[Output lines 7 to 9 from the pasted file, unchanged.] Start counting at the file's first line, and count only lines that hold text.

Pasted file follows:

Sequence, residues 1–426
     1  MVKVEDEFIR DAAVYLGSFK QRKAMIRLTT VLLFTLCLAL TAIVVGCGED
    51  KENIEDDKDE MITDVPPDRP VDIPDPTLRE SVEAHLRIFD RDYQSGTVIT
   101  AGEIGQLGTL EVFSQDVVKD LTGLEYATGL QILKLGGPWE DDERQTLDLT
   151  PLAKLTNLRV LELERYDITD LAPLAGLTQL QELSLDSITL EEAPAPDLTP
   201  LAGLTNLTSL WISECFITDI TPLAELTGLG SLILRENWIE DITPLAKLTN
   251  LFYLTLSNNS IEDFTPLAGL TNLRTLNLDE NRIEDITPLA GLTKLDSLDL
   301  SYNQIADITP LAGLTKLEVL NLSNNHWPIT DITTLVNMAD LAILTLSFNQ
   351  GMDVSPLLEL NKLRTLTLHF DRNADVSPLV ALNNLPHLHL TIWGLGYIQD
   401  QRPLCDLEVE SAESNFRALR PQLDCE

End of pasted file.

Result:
   251  LFYLTLSNNS IEDFTPLAGL TNLRTLNLDE NRIEDITPLA GLTKLDSLDL
   301  SYNQIADITP LAGLTKLEVL NLSNNHWPIT DITTLVNMAD LAILTLSFNQ
   351  GMDVSPLLEL NKLRTLTLHF DRNADVSPLV ALNNLPHLHL TIWGLGYIQD